Bringing a new cat or kitten into the home can be a much-awaited event for all family members. However, there are a few factors that need to be considered to ensure your new cat settles into an existing feline family well.
Having two cats in a household can be beneficial for providing them both with mental and physical stimulation and company. Minimising stress on both the cats during the introduction period is important to ensure success and a happy feline home for the long term.
Cats bond closely with litter mates and cats they have known since they were very young. Introducing an unfamiliar cat may not be as easy as you would think. Just because your cat liked one cat, it might not accept another.
Some cats are naturally easy-going and friendly and will accept most other cats, while others are timid and shy or very assertive and active. Attempting to match personality types is useful when seeking out a companion for your cat. An active and assertive cat may overwhelm quieter and more timid cats, making introductions difficult.
It is generally accepted that related cats make the most compatible housemates, however, there is a distinct lack of information about the relative compatibility of unrelated cats. One piece of research carried out in Switzerland showed that adult cats are more likely to accept the introduction of a younger individual than one of the same age or older. If you are adopting an adult cat, the same research suggested that an adult of the opposite sex was more likely to be accepted and that, in cases of same-sex pairs, two males were slightly more likely to be compatible than two females.
If problems arise, a behavioural discussion with your veterinarian can identify and clarify issues and advice can be given for some behavioural modification techniques that can be specifically targeted for your household. These may involve environmental enrichment, feline pheromones and sometimes medications.
A thorough health check of both cats by a veterinarian is a good starting point prior to any new introductions. It is important to ensure both cats are up to date with vaccinations, preventative treatments (fleas and intestinal worming) and showing no signs of illness.
Any previous history from the introduced cat is very valuable as it can provide health as well as behavioural information for you. Sometimes an FIV (feline immunodeficiency virus) test will be recommended to ensure the new addition or your own cat is not a carrier. FIV vaccination can be administered to help protect against the disease if appropriate.
Cats are territorial animals and when you are introducing a second cat it is important to realise they need to establish their own space within the home. If possible, it is ideal to provide the new cat with a separate housing area (eg one room) and allow your existing cat access to the rest of the house. This allows them to get used to the sound and smell of each other without the potential of a direct confrontation. A glass or wire door may also provide the two cats with a chance to see one another through a safe partition.
Once you have reached a point where they are showing no signs of fear, anxiety or being a threat to one another then the next step is to start controlled exposure exercises. However, if you have two very relaxed cats who seem to be accepting each other then the following exercises may not be necessary.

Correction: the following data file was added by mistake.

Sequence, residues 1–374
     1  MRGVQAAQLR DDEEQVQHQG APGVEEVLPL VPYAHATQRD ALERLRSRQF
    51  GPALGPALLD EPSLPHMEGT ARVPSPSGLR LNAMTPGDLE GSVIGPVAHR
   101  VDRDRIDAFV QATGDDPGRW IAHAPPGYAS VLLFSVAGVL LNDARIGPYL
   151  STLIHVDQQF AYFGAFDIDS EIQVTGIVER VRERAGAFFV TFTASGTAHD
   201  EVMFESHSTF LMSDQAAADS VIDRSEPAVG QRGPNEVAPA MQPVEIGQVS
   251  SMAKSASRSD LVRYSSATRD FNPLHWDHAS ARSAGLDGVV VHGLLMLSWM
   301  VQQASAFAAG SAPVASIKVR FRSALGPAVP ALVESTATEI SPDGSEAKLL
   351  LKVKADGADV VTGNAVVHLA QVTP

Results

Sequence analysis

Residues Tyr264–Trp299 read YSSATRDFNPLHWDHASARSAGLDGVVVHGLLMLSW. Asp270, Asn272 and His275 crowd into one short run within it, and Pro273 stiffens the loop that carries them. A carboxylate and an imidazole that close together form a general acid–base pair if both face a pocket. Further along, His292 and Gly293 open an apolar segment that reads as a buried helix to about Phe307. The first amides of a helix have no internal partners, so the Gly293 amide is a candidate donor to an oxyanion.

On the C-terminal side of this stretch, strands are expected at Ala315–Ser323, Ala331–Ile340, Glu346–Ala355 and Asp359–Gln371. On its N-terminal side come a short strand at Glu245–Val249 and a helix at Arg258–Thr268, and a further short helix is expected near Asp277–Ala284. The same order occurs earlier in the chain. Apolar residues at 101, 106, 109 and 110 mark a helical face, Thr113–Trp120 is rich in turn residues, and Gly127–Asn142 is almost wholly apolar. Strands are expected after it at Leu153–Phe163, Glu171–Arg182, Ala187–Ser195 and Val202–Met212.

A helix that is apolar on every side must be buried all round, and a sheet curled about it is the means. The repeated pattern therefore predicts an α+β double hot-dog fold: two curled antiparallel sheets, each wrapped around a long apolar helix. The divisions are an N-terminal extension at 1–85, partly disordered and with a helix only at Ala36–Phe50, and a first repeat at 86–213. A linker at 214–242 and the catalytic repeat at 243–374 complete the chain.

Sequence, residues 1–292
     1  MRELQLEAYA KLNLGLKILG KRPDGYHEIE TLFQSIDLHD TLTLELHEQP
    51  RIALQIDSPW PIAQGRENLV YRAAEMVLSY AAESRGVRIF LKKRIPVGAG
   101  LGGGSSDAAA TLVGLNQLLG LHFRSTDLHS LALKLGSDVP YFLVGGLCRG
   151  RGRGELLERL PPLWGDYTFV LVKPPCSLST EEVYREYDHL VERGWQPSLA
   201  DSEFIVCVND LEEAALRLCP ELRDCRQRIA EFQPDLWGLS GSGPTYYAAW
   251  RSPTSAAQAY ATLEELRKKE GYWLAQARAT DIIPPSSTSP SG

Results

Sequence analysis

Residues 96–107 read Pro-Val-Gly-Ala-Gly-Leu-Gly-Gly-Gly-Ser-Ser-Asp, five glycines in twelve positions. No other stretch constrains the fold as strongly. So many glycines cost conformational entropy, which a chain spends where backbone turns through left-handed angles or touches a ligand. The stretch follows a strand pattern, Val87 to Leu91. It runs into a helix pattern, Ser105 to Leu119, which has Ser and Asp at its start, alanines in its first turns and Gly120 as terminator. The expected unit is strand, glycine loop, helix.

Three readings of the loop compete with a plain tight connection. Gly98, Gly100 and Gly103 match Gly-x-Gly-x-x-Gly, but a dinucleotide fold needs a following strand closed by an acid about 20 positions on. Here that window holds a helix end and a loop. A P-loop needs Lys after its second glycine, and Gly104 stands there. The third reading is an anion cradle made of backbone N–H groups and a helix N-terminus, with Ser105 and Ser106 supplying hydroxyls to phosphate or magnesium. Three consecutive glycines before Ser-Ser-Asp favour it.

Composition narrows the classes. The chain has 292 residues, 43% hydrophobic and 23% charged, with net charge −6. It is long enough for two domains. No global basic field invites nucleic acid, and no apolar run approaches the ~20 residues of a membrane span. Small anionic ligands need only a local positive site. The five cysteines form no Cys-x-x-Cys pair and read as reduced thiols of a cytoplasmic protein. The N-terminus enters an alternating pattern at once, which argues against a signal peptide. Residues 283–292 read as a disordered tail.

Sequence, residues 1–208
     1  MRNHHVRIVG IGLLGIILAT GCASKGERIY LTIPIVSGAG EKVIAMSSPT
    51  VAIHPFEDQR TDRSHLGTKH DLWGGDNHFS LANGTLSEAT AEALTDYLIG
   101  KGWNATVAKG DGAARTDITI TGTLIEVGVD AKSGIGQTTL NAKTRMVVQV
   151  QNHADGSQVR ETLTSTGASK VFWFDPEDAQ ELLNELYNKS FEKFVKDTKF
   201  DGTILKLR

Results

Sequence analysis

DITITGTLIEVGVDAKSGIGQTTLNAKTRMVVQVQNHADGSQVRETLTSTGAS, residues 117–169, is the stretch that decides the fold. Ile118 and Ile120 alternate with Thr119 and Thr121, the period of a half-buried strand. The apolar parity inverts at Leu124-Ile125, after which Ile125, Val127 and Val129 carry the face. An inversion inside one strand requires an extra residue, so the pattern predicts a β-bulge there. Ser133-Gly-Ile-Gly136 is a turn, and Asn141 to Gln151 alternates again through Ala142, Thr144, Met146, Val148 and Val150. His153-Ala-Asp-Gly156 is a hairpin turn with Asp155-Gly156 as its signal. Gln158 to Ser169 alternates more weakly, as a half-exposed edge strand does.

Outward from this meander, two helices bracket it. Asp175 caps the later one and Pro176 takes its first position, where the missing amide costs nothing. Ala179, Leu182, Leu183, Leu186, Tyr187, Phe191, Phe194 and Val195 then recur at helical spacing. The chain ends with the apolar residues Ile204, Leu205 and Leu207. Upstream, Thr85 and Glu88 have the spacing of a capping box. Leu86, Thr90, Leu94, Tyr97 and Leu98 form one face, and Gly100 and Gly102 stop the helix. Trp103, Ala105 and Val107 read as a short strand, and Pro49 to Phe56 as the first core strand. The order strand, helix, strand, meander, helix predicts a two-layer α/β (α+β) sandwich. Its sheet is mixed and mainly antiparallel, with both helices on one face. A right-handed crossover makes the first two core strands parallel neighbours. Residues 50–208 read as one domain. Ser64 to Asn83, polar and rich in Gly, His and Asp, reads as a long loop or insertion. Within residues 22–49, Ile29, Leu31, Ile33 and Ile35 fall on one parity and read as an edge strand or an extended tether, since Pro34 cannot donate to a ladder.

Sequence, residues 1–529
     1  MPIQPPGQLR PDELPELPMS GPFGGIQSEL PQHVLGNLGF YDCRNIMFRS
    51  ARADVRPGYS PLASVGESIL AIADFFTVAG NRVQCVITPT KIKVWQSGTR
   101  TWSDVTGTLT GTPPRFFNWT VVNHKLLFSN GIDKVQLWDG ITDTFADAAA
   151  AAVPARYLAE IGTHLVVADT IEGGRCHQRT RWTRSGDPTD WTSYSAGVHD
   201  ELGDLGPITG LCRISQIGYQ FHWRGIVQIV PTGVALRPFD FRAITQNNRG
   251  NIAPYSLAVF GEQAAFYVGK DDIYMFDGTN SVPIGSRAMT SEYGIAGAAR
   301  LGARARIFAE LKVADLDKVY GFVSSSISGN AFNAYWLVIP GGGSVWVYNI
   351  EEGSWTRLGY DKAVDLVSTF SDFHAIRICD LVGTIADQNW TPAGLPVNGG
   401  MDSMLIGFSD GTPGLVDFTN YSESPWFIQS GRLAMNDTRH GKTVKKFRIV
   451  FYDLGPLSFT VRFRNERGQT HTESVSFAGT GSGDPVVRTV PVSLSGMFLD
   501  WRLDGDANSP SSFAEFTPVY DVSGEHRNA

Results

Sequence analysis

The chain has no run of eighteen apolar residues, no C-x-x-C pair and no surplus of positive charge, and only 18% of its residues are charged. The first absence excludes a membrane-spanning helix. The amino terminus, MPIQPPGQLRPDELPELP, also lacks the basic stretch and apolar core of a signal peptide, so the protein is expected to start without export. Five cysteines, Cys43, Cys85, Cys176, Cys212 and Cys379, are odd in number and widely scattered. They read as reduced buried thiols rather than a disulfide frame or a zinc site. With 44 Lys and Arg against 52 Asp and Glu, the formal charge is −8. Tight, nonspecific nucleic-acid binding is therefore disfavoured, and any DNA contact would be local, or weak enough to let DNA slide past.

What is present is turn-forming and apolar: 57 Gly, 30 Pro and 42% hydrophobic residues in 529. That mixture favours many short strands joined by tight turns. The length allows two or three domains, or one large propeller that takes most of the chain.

If possible, a slow integration of a new cat is ideal if it can be achieved. The aim is to encourage positive associations from the outset by utilising times when the cats are likely to be occupied, distracted or enjoying themselves (such as during feeding or play times).
If one cat is particularly aggressive greater care needs to be taken during the initial introductory process. The aggressive cat can be confined to a wire mesh cage or placed in a cat harness with a lead and held securely to ensure they are not able to attack the other cat. Sometimes both cats need to be placed in cages, and swapping cages with subsequent introductions will help them get used to the other cat’s odour. As long as there is no sign of fear or aggression being displayed, gradually reduce the distance between the cats during these training sessions.
The next step is to have one cat out during feeding time, then swap cats at the next feeding time. Finally have both cats out of their cages and kept a safe distance from each other (possibly on a lead or a harness) and gradually reduce the distance between them when they are being fed, during playtime or having treats.
Once your cats are settled in it is important to ensure that key resources such as food, shelter and social interactions are available in sufficient amounts. It is sensible to space these resources around the home to minimise the need to share them directly. Also increasing the amount of available space within the home is beneficial and can be achieved by making use of three-dimensional features - by adding furniture, shelving and cat climbing poles which allow the cats to make use of vertical as well as horizontal space.
It can be a stressful time when a new cat is brought into a household. Giving your original cat lots of attention, having periods of time without the new cat or kitten and keeping the routine as normal as possible (especially feeding times) can help reduce this stress.
The benefit of having pets is well known, but the strain of having cats that don’t get along can be very distressing. Careful selection of new cats and systematic and positive introduction of new cats to the household can make life easier and more enjoyable for everyone.